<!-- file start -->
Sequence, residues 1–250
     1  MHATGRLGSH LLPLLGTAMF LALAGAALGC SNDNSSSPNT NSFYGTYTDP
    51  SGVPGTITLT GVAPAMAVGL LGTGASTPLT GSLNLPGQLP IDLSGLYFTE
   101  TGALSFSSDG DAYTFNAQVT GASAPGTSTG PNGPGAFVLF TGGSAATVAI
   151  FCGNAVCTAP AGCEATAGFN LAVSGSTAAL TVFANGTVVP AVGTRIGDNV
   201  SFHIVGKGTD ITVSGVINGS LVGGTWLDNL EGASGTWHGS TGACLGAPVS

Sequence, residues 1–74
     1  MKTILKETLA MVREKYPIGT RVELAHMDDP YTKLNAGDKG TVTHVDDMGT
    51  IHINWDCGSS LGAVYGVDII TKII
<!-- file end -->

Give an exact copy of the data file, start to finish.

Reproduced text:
Sequence, residues 1–250
     1  MHATGRLGSH LLPLLGTAMF LALAGAALGC SNDNSSSPNT NSFYGTYTDP
    51  SGVPGTITLT GVAPAMAVGL LGTGASTPLT GSLNLPGQLP IDLSGLYFTE
   101  TGALSFSSDG DAYTFNAQVT GASAPGTSTG PNGPGAFVLF TGGSAATVAI
   151  FCGNAVCTAP AGCEATAGFN LAVSGSTAAL TVFANGTVVP AVGTRIGDNV
   201  SFHIVGKGTD ITVSGVINGS LVGGTWLDNL EGASGTWHGS TGACLGAPVS

Sequence, residues 1–74
     1  MKTILKETLA MVREKYPIGT RVELAHMDDP YTKLNAGDKG TVTHVDDMGT
    51  IHINWDCGSS LGAVYGVDII TKII